• Check ferritin
    • (beware falsely normal ferritin as also inflammatory marker)
    • If low – confirmed iron deficiency anaemia
      • Consider 2ww lower GI
        • Unexplained anaemia in men or non-menstruating women
        • FH – colorectal cancer in first degree relatives
      • History: Heavy periods, diet, urine dip, stool parasites
      • Investigate: Coeliacs serology (TTG)
      • Treat: Ferrous fumarate OD and increase as tolerated to BD + consider laxative – recheck Hb/Ferritin in 3 months
    • If normal/raised – consider anaemia of chronic disease or ferritin acting as acute phase reactant (in which case check serum iron/TIBC)
      • raised serum iron/TIBC and reduced transferrin saturation indicates iron deficiency
  • consider Hb electrophoresis
    • Beta Thalassaemia trait – raised HbA2
    • Alpha Thalassaemia trait – difficult diagnosis as no specific test
      • If confirmed, discuss with haematology as appropriate


Normal MCV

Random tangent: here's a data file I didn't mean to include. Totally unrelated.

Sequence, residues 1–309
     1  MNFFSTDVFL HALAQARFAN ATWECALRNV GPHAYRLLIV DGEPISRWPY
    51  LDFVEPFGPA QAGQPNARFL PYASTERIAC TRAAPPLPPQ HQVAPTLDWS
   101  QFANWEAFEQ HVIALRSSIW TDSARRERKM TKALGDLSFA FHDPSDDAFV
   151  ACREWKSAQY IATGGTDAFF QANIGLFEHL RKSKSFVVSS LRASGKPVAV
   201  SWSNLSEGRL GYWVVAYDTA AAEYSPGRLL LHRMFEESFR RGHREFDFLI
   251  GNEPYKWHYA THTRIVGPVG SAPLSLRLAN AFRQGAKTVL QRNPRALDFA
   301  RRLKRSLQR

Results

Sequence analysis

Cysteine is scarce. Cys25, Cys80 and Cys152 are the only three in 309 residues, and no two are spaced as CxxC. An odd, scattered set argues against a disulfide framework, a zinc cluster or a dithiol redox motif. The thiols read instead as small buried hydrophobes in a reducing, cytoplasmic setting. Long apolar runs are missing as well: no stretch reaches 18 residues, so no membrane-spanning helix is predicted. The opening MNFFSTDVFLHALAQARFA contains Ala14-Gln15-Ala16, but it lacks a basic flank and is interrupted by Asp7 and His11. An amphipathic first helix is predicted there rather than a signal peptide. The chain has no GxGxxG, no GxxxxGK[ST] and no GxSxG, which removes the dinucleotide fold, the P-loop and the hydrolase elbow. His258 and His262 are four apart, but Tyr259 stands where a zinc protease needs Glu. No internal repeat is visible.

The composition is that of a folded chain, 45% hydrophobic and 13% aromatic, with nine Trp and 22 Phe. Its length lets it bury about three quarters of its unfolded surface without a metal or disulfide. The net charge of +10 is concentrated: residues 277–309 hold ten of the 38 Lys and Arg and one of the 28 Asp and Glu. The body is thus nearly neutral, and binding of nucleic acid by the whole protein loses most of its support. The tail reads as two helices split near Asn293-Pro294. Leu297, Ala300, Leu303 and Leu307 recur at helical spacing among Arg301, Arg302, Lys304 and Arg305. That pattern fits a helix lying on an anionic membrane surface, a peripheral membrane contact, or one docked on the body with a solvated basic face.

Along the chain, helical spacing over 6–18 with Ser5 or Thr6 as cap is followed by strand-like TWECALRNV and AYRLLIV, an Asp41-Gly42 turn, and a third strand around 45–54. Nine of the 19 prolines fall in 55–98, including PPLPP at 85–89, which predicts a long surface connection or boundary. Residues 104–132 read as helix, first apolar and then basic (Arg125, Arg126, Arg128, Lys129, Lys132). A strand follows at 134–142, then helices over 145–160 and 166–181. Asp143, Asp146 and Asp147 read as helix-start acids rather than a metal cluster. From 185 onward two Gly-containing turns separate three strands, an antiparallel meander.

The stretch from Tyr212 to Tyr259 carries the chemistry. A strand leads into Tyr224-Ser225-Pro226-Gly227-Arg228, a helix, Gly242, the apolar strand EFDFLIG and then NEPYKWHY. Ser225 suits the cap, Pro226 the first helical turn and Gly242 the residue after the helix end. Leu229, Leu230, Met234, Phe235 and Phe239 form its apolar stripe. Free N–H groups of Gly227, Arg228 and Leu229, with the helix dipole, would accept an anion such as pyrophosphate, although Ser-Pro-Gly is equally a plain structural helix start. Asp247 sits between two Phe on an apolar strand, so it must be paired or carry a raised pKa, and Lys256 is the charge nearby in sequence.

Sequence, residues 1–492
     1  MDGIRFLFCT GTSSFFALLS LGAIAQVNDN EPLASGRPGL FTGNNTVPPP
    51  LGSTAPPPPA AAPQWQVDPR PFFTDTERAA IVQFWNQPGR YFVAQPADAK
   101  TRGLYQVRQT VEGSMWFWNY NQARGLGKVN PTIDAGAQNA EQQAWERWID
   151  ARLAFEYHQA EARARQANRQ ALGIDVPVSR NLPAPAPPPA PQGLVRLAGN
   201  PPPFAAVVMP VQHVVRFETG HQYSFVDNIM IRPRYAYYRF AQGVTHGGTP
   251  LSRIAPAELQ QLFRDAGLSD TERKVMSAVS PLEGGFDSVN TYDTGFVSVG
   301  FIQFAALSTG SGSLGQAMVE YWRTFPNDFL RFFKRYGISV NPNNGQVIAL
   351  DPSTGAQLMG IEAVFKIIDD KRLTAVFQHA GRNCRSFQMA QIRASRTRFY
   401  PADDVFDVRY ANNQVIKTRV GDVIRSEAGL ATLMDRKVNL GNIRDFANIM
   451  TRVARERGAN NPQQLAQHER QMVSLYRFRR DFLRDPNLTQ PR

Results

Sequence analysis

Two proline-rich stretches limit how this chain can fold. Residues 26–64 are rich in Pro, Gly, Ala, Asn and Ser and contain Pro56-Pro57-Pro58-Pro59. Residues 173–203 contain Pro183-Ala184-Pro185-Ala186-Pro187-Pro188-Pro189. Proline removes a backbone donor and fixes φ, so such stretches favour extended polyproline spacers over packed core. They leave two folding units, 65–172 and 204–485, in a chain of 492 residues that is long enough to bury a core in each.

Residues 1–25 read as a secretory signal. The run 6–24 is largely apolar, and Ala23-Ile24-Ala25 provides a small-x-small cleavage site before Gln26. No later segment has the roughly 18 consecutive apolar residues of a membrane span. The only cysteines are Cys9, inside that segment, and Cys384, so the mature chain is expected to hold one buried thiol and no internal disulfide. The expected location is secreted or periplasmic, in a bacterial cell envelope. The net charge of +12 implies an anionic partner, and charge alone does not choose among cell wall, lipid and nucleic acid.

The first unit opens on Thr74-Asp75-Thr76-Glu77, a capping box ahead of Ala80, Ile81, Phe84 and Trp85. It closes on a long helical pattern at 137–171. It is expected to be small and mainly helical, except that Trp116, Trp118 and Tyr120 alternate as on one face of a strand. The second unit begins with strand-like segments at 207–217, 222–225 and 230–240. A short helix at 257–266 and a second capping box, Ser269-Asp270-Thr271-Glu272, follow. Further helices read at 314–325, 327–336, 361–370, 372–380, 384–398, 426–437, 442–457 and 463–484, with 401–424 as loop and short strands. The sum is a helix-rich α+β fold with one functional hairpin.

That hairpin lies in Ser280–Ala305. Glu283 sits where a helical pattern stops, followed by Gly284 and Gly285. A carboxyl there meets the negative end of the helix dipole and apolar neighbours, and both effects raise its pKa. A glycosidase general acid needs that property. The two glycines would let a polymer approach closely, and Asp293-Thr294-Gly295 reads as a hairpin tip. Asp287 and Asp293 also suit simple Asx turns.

• Consider
    • anaemia of chronic disease – chronic inflammation, endocrine, CKD, liver disease, malnutrition, MDS, haemochromatosis
    • mixed haematinic deficiency
    • recent blood loss
    • investigate as per raised MCV


Raised MCV

  • History: bleeding, diet, medications, alcohol, FHx, recent transfusion
  • Investigate: U+Es, LFTs+GGT, TFTs, B12, Folate, Blood film, Reticulocytes
  • Consider myeloma screen: serum/urine electrophoresis, immunoglobulins, bone profile
  • Refer to haematology if
    • abnormal cell shapes on blood film
    • persistent unexplained anaemia, raised MCV or B12 deficiency
    • spherocytes on blood film -> DAT + reticulocytes -> refer if raised



  • Abnormalities affecting more than one cell type (Hb, WCC, platelets) are more likely due to bone marrow causes. Consider early referral if the patient is unwell
  • Urgent referral to haematology
    • Leucoerythroblastic anaemia on blood film
    • Unexplained progressive symptomatic anaemia
    • Associated splenomegaly/lymphadenopathy or other cytopenias